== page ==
- If people make very little changes, they might feel like they are doing nothing, so they might not take their new eating habits seriously… to the point that they don’t do even this little thing that was required.
- Not directly related to this topic, but some studies have suggested that churches that have more strict requirements for their members are more likely to keep the members… It’s theorized that when people invest a lot of effort, commitment, etc… to a certain idea, they are less likely to give up, because giving up would mean that all of their effort was in vain… So they have a lot to lose. And not only that they would need to accept that their effort was in vain, they would also need to accept that on some level they were wrong. Which is a big blow to ego. For the same reasons many extreme dietary approaches have extremely commited followers – they’ve invested so much of their time and energy in following these approaches, that they really don’t want to give up after all that.
- Some people indeed have very unhealthy eating habits, regardless of whether they’re overweight or obese or not… telling such people to do nothing about their terrible eating habits would be extremely irresponsible… Being silent about what they do to their bodies would make us accomplices in their self-destruction. It would make us some sort of enablers…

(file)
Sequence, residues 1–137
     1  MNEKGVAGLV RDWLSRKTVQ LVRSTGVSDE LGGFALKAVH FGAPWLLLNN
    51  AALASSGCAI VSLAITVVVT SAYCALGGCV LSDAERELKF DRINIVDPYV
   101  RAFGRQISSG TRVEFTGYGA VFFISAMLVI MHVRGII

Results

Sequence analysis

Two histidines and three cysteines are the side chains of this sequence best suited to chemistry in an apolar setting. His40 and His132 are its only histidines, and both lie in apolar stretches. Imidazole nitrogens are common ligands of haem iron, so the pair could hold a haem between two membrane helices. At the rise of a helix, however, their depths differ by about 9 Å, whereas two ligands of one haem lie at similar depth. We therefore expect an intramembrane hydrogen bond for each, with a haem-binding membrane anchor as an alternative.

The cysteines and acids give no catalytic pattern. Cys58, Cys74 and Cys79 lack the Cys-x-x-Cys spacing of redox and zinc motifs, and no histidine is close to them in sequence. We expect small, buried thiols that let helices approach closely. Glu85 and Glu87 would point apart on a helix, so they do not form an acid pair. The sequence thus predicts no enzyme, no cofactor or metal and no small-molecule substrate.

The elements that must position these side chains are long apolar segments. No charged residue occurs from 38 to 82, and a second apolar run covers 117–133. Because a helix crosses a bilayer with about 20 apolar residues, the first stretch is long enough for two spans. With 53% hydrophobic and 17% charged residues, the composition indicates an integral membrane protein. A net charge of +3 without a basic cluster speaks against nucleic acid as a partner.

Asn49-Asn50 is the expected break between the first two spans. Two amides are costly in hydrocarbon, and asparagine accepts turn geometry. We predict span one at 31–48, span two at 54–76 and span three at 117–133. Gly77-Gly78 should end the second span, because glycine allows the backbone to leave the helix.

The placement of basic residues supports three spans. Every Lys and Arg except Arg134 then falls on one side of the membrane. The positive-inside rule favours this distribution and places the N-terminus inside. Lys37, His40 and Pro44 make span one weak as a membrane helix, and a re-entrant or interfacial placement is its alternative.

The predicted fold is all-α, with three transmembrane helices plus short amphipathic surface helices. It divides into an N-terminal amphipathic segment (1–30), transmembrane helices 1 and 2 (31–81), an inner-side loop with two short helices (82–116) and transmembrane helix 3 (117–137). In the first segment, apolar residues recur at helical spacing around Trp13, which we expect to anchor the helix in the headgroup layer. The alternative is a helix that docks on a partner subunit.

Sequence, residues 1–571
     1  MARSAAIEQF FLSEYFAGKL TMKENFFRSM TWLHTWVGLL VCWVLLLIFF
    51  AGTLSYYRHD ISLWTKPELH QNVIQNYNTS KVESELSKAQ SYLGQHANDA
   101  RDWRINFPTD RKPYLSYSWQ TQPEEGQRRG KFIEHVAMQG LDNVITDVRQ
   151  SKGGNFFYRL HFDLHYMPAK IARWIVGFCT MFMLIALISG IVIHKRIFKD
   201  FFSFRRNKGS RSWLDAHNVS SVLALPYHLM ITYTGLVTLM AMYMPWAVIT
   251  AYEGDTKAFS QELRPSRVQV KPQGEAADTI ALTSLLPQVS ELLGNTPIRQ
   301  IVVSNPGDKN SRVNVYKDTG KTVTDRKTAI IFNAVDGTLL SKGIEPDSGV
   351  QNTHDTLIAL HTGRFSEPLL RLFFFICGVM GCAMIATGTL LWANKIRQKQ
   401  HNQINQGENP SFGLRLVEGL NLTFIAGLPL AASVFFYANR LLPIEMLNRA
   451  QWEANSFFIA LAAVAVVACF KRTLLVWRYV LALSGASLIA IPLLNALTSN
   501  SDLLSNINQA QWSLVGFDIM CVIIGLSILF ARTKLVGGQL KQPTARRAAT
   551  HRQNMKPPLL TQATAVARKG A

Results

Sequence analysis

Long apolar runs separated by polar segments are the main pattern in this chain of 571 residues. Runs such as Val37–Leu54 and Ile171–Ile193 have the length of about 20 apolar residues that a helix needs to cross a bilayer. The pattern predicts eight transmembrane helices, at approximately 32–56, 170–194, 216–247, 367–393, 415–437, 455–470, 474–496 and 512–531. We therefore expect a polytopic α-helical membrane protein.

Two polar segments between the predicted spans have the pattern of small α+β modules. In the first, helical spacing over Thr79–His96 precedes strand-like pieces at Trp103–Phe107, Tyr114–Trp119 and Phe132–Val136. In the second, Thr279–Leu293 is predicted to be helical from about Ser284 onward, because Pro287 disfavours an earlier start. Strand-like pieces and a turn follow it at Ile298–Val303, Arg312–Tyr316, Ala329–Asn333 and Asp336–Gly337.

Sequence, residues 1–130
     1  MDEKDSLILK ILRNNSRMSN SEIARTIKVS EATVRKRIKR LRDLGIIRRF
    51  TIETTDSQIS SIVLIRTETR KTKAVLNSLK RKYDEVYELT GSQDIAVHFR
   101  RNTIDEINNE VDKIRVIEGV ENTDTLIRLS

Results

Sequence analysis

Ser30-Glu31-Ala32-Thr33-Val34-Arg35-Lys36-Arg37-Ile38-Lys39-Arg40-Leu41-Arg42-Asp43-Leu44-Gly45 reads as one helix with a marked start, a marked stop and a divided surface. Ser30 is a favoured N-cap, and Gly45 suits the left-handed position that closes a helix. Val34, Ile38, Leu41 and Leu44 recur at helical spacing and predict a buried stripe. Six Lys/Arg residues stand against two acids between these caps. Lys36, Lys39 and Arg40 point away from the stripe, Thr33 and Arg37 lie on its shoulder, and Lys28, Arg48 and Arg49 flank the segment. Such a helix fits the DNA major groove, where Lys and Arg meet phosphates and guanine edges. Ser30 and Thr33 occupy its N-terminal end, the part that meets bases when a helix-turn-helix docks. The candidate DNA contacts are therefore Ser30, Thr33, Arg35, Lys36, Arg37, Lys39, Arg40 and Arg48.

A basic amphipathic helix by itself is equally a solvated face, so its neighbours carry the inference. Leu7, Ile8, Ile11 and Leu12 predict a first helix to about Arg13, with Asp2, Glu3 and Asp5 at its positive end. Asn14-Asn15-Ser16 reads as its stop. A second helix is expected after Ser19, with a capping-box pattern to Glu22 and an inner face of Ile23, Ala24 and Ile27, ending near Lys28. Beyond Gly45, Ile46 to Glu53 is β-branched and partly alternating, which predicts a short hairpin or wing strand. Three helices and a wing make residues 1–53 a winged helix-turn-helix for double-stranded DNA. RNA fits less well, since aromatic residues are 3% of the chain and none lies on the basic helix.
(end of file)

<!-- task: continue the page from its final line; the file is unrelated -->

- If my hypothesis that obesity is not a disease but a symptom of pathological cultural approaches to food and eating (which I call hyperrexia culturae) is true, then this such pathological culture needs to be replaced with a better one, and a minimal intervention can hardly be enough to develop an entire culture.
For each of these criticisms, there are several responses that seek to redeem the principle of minimal intervention:
- Regarding too little changes feeling like nothing and not being taken seriously: the thing that can help you is knowing why exactly you’re doing it in this way, and why exactly this will work in long term – this should be enough for you to allow you to make a psychological commitment. You can also rejoice in knowing that you’re not repeating the same mistakes that so many others have done before, who have made drastic changes, only to give up eventually and nullify thier efforts, perhaps even damaging their health in the process.
- Regarding only extreme approaches having comitted followers… there might be some truth to it, but to a certain point. If the nutritional approach in question ultimately holds no substance to it, no weight to it, ultimately its followers will give up, and the longer time they spent brainwashed in their dietary cult, the eventual crash will be more painful and dangerous both physically and psychologically… I’m not saying all radical approaches to food eventually fail… but those that are very extreme, while having no real merit, in most of the cases fail spectacularly, regardless of how long they were followed or how comitted their followers were.